The goat, featured above, is Alicia, and I was using the excuse that I was "mowing the grass" around the pond as to why I couldn't wash the dishes tonight. We have it on fairly good authority that Alicia's date with the macho goat from the next town over was successful and she is likely to have a kid in April, or even two, as he has a history of throwing doubles. We shall see.

Friday, December 18, 2009

Progress is slow in the campo

(Christmas lights in Bogota - hope you can see this.)
But not because of the energy and efforts of all the team: the directors, the support staff and all the workers. Partly it is due to a water shortage, some of it is due to materials not being available, and some of it can be laid at the feet of a certain holiday season. A lot of stores are closed by 5 p.m. where they were open longer in November. This is because many people go to church every night now, preparing for Christmas.

It is quite delightful to hear the excitement in the workers' voices after a night in Barichara attending the 'Novena' party at the Cathedral and every night we have been able to either hear or see fireworks from the town center as everyone gets very excited about the birthday of Baby Jesus because in Colombia there is more focus on the religious aspect of this time and considerably less attention to the more material items - not to say that isn't going on, but it is not as intense as in the U.S. And frankly, out here in the 'campo' (countryside) most of the peasants don't have the resources to buy all that much. But stores run out of some of the essentials more readily now, too, so we have to wait for other deliveries.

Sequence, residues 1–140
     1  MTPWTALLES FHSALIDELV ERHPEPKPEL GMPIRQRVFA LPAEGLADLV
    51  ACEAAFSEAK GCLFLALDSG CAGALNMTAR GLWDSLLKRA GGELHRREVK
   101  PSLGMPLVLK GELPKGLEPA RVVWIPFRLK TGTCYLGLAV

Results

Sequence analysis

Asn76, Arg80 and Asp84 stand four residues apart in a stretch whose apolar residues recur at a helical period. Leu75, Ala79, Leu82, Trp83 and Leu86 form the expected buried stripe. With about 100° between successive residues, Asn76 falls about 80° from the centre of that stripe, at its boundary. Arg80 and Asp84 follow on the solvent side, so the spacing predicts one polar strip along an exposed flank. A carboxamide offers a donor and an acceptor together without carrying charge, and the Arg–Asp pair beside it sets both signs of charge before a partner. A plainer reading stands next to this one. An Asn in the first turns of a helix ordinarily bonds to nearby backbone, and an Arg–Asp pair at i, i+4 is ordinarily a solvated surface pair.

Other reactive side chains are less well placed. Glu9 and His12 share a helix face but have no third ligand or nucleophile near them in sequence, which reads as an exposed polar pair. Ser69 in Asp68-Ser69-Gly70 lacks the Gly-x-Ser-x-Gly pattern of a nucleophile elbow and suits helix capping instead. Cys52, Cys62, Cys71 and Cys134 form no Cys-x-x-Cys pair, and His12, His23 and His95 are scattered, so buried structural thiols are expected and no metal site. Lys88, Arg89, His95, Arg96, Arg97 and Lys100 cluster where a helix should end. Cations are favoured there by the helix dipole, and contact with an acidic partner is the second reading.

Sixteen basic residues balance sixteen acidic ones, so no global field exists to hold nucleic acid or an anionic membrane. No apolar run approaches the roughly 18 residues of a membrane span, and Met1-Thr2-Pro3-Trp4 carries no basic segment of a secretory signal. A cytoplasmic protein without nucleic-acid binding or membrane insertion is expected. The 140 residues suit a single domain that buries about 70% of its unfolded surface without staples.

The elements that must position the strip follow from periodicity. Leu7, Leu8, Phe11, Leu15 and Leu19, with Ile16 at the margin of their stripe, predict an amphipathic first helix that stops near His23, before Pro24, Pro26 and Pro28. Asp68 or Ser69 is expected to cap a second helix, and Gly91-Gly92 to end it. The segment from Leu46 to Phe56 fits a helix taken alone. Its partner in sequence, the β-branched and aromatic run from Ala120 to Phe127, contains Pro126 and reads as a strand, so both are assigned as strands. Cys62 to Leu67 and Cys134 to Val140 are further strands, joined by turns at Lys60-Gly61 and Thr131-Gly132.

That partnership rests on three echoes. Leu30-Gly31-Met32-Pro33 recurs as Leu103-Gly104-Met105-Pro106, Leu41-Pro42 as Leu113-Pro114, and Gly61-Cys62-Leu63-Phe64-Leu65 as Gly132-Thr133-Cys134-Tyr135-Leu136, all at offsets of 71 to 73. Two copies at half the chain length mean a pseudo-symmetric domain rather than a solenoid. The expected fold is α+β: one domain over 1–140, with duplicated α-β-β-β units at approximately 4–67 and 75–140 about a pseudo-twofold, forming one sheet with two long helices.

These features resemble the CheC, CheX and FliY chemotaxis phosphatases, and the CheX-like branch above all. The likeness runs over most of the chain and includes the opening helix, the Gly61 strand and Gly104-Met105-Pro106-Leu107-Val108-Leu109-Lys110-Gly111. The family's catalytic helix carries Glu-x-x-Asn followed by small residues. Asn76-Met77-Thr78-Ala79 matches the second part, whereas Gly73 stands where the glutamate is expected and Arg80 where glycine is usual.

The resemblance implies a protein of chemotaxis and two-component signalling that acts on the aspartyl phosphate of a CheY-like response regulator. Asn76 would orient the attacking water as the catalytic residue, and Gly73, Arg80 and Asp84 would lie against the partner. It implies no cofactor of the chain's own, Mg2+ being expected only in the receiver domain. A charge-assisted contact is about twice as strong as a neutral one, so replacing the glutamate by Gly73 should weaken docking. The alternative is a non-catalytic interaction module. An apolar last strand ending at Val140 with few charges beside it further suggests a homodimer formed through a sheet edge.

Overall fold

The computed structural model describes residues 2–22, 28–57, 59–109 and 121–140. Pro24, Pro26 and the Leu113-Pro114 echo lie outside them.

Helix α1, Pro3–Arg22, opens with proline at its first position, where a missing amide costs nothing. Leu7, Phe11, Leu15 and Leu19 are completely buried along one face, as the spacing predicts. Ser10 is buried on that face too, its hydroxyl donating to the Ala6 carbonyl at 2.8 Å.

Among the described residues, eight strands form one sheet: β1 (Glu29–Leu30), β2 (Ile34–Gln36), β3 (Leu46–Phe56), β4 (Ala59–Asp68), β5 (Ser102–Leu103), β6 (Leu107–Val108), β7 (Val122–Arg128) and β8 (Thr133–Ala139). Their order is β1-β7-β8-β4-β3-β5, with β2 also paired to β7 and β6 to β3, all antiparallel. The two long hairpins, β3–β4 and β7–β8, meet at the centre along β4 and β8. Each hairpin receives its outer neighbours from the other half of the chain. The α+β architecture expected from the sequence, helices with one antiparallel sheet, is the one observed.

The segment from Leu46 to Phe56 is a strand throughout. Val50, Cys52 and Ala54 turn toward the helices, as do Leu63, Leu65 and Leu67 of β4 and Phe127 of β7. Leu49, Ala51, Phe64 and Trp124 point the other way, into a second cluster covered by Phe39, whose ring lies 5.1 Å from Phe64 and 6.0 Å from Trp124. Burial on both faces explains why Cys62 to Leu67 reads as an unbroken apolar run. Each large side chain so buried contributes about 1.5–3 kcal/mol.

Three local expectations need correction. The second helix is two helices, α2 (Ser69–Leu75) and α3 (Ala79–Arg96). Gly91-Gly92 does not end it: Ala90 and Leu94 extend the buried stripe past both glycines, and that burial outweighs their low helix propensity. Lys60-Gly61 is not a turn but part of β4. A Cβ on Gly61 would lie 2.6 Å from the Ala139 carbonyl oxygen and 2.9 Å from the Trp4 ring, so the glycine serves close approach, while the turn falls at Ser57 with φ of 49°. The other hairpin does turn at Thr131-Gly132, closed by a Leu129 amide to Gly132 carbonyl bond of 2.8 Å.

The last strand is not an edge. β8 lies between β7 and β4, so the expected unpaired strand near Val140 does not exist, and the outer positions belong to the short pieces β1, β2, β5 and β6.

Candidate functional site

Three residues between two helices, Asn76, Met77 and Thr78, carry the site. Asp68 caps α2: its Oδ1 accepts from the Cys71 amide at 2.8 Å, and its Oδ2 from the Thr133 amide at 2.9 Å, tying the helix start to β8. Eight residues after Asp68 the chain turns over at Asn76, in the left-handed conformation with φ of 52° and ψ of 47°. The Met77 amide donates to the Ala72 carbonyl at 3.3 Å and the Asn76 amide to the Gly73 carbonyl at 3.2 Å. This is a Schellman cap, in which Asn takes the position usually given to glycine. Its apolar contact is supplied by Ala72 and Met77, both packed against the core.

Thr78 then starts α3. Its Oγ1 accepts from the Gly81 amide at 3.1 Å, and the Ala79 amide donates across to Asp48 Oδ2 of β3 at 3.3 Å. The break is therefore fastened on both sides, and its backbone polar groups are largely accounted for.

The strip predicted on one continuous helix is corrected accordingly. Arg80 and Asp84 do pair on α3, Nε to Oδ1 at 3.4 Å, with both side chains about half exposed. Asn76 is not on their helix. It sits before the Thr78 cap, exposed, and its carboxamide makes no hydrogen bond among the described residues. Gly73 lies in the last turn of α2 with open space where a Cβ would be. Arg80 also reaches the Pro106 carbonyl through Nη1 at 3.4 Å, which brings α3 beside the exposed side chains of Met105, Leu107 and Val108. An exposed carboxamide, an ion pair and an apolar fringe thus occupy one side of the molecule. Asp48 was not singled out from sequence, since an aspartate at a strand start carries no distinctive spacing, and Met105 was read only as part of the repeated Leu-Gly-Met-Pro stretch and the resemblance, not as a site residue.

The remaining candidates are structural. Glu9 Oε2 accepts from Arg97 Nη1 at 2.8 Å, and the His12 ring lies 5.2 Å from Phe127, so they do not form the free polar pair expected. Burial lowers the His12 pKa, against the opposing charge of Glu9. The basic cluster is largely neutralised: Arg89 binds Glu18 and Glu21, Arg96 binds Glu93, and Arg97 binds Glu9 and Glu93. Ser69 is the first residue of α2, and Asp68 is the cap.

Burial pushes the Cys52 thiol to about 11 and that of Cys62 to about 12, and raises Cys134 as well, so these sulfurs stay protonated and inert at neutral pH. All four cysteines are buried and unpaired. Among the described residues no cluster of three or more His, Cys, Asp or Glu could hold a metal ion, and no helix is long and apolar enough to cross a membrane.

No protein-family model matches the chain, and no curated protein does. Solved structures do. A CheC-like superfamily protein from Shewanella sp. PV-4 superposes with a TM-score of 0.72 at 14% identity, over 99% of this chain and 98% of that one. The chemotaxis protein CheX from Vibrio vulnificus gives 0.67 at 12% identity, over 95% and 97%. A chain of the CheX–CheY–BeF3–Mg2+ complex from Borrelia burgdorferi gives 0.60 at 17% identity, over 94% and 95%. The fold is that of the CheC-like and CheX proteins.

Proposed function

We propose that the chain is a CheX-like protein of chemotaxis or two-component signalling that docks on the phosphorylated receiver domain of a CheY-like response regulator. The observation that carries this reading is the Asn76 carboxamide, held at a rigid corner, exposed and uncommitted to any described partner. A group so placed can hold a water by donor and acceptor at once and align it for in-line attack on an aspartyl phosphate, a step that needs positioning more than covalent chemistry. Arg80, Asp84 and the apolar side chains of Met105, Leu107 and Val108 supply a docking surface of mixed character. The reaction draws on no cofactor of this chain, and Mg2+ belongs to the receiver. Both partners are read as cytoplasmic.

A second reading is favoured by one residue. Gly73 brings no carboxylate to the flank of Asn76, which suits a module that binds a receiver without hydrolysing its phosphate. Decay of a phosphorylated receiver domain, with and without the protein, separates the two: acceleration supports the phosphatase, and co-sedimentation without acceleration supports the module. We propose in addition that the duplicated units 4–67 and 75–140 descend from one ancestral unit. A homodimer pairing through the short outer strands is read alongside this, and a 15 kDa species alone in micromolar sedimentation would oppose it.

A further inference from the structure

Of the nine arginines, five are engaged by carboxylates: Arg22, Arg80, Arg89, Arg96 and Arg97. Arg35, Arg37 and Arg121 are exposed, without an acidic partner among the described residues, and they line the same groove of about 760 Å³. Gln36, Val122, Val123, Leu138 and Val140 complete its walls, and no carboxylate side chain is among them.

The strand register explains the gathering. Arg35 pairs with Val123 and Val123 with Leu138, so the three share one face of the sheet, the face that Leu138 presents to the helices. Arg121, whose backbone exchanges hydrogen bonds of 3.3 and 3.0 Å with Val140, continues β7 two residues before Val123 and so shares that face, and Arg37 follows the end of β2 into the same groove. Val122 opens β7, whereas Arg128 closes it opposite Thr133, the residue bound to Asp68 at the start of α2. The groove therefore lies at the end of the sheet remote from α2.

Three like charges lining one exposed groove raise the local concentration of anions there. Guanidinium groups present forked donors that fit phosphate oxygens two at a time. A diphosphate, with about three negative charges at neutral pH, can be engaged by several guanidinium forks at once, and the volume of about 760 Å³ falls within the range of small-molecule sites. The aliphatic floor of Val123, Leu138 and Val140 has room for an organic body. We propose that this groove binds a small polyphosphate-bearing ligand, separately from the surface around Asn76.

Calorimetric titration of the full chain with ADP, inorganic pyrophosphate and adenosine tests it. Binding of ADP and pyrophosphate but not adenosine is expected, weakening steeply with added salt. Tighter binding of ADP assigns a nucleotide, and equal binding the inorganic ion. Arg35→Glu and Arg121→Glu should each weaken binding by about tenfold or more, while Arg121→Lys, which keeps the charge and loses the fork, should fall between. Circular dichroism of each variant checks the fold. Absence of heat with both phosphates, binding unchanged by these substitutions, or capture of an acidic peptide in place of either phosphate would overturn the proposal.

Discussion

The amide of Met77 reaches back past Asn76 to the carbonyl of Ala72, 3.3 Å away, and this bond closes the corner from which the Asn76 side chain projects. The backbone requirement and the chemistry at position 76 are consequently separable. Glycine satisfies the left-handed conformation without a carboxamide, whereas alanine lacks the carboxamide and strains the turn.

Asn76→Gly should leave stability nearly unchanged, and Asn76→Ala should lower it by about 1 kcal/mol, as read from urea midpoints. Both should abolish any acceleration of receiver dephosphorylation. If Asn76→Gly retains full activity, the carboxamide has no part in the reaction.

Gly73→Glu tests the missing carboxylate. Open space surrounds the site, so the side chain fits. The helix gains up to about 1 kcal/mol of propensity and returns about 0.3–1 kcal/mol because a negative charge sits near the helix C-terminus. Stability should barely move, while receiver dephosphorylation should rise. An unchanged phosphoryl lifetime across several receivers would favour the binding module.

Today we gave one of our neighbors a ride when we found him walking back from the 'pueblo' (town). He was grateful to have a ride after working hard all day. Guess what he does? He works in the slaughterhouse, killing animals - cattle, sheep, goats, chickens - to be transported to market. He stank to high heaven and his clothes were full of holes, his straw hat was battered and misshapen and he sat in the car as if he was taking up too much space, pressing himself against the door. But this same fellow brought us two huge bunches of bananas, three enormous papayas and several mangos from his 'finca' (farm) a couple of days ago, to make up for his young son's behavior. (The boy was riding his bicycle through our property on Sunday several times after he had been asked to please ride on the road so we could have some quiet time. We surmised that he must have said something to his father or mother about it and they were disturbed that he wouldn't respect the boundary.)